Young-gul is frantic as he tries to find a way to escape. The only way out is through a window, hanging on a ledge that’s pretty high off the ground. One of the gangsters knocks him off the ledge and onto a conveniently placed pile of styrofoam boxes, so Young-gul survives the big fall unscathed.
The Boss is, to say the least, murderously unhappy that Young-gul wasn’t caught.
Young-gul protests his innocence to friend Il-gook, who tells him to get the heck out of dodge so he won’t be killed. Young-gul has nowhere to go and no money to go anywhere, and soon finds himself chased down by gangsters. He’s able to avoid capture by the skin of his teeth.
He goes through a dilapidated gate to what might be his parents’ home (although he said his mother left him for the U.S. earlier), only he hears a fight going on inside while the woman gets mercilessly beaten by her husband. (Whoa, serious turn.) Instead of going in, he decides to leave instead and ends up wandering aimlessly.
Ga-young finds herself amidst all the lights and glamour of New York nightlife, and we cut to Jae-hyuk jogging. In the same city, of course.
But it’s with great shock that Ga-young finds out that she apparently rejected the admission from the school, replete with a letter of rejection and all. Good gracious, Madam Jo certainly took her meddling to another level.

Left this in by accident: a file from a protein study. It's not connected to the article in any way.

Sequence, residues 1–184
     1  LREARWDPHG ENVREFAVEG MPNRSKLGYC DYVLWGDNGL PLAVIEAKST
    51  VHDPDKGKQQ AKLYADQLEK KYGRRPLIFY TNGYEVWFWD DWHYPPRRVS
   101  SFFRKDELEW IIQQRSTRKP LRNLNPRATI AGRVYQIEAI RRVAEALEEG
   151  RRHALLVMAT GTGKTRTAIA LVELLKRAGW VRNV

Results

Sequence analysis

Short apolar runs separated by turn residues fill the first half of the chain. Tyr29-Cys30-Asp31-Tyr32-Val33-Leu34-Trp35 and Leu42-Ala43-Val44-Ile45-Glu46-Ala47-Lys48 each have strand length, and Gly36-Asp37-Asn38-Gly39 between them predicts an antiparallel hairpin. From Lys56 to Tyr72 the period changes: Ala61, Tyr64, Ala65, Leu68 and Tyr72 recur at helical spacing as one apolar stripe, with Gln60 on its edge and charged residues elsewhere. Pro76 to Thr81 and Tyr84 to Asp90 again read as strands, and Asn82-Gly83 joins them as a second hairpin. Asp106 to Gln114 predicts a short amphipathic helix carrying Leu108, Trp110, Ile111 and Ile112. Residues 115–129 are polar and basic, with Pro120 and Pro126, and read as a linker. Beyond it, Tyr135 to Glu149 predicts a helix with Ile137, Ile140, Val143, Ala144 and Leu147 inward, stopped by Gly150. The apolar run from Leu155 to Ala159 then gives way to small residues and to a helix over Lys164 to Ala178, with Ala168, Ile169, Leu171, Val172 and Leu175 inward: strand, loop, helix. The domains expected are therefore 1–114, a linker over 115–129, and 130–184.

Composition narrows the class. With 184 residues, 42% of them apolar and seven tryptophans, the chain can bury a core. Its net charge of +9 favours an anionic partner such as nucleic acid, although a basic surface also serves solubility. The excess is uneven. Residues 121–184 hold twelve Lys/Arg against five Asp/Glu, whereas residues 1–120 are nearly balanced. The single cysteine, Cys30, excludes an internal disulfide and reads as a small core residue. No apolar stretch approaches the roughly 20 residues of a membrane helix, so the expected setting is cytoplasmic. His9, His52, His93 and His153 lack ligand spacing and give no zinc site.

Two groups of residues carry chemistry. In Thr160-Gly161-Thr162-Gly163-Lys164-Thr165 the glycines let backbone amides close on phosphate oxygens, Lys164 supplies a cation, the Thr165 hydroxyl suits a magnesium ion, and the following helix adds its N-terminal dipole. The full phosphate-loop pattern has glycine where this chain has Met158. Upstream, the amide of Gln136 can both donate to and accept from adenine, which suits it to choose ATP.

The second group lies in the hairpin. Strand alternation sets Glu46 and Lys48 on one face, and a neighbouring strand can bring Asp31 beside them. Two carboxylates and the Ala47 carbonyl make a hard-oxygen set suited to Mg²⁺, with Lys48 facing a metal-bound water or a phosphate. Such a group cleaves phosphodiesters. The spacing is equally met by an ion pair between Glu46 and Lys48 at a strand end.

Young-gul, meanwhile, finds himself unwittingly filming an episode of Deadliest Catch, as he’s taken up a job as a deckhand for a crab fishing boat. He vomits over the side due to seasickness as he’s relentlessly pelted by waves.
All in all a solid opening, even though some of the tonal shifts had me scratching my head. There’s fashion and fires and gangsters and wife-beating and chaebols and crab-fishing, all in one drama. If nothing else, that’s impressive.
I liked that this drama cuts straight to the chase, and puts us right in the middle of these characters’ lives. No long childhood backstories (although I did roll my eyes a bit at the childhood flashback scene, because of course they’ve met as children), and straight to the good stuff. And in this sense the good stuff lied in Young-gul and Ga-young’s interactions, who had some really enjoyable, laid-back chemistry.